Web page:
Tito F. Hermoso / Brent Co | May 28, 2009 11:56
Robotic parking anyone?In the days when lunch in Makati meant a quick drive from offices in Malugay street to the MCC [Makati Commercial Center] parking was not even a question any would think of. Whether it was at El Castellano at the top of the Intercon or the Automat, just across the Rizal Theater, vast expanses of asphalt aprons, with young little trees, struggling to give a semblance of shade in the baking noon day sun, were there for the taking. Signs saying "Car Park Full" were unheard off.
In time, when Bancom fueled the Salcedo and Legaspi Village Boom, so did car plans. Makati's streets were no longer enough as lumpy, muddy and patchy grass empty lots doubled as parking. By the mid-seventies, ease of parking, Makati's trump card over the elder downtown CBD of Escolta, was no longer true.
At about the same time, I was traveling to city centers in old Europe where space is even tighter and labor far more expensive. Thus they had to resort to automatic parking garages. My first encounter with such was in Milano's Zona Centralle. It was a "Parcheggio" along Via Fatebenefratelli, near the Cavour hotel. Since this was Milan, with its drab fronted post war buildings, nothing was to identify the place as a parking bldg. apart from a largish blue sign with a big white ?P? and a white "moustache" roof icon over the P. Driving my little FIAT into the forecourt, there was a solitary old parking attendant wearing the obligatory blue lab coat, worn by the service trade.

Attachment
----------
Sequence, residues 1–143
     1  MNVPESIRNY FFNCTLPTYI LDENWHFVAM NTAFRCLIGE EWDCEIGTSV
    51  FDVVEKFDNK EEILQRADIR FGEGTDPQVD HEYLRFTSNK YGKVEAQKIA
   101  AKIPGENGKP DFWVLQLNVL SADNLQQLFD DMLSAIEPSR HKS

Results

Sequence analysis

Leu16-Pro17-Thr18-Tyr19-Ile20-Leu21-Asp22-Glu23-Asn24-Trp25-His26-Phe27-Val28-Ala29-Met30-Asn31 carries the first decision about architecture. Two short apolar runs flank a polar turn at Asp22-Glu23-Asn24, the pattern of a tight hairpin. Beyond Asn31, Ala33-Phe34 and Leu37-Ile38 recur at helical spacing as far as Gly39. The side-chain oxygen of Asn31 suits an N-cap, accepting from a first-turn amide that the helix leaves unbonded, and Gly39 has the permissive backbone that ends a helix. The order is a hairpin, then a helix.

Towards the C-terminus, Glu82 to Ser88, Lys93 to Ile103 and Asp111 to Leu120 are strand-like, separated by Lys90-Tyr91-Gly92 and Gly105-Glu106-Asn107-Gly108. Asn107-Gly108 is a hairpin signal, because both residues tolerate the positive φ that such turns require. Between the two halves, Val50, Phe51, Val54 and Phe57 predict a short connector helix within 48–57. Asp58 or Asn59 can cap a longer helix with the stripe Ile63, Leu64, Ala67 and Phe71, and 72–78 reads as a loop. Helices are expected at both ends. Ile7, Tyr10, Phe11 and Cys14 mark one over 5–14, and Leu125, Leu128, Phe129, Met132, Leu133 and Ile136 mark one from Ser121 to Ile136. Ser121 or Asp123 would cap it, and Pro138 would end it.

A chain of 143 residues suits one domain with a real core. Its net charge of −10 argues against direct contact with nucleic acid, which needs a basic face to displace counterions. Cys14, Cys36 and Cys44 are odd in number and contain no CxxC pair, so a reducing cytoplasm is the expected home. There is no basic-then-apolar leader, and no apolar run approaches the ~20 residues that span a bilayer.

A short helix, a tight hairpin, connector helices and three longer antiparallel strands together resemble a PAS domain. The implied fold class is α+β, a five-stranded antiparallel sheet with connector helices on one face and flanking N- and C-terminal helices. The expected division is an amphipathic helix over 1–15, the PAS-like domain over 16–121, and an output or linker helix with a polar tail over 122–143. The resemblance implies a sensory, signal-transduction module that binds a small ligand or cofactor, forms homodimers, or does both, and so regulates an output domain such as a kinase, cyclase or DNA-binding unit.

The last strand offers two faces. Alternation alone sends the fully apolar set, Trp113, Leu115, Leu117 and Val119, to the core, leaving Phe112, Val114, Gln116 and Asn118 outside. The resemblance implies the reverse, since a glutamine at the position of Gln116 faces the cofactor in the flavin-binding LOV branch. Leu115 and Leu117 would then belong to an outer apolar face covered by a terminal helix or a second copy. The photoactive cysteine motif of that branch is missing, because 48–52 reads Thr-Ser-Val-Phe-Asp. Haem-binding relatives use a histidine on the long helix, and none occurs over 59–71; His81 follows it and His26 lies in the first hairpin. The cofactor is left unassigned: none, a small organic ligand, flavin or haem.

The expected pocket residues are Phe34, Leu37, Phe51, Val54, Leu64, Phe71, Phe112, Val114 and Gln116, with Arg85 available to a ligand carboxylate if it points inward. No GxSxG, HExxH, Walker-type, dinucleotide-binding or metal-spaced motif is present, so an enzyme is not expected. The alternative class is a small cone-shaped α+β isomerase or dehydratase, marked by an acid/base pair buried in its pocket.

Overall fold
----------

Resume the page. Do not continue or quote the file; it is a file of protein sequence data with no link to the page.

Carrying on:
Lab coat motioned me to drive to a turntable about the size of the car, close all windows, lock the car and give the keys to him. Uttering "Prego", he then gave me a receipt then walked to a wall switch, presses a button and the car rotates to face front. After that a wall of big elevator doors opened to swallow my car. Curious as to how and where my little FIAT was going, I motioned to Lab coat if I could peep and I was given a nod, the international sign of the affirmative. There, I saw a vast subterranean "cabinet" full of cars sitting on what look like "car drawers". I watched as my car traveled forward, then paused, then went up several stories, paused again, moved left and finally came to rest in its proper drawer.
Several years later, I was to find similar systems in use by the NCP, London's car park monopoly. Somehow, I wasn't sure if those parking buildings with car elevators in Manhattan's theater district were automatic considering so many hands to tip and accents out of "the Sopranos".
Back home ten years later, Parking lots and garages that had automatic barriers, ticket stations with parking capacity countdowns, walls, proper paths, lights, paving and legal waivers claiming no liability were starting to become common. Ayala parking systems was the first to deploy Japanese style 3-storey steel parking buildings which can be set up and dismantled rather quickly. Some private companies tried Swiss and Austrian made twin layer hydraulic parking systems like what one sees in service stations, the difference being that another car can park underneath the "lifted" car. For giant parking malls like SM's Mall of Asia, the convenience of overhead light indicators on vacant slots avoids the lengthy search for an empty slot. But since empty urban lots used for temporary parking are not going to remain empty for long, the incentive to invest in parking facilities, much less crushed aggregate to keep mud at bay is surely diminished.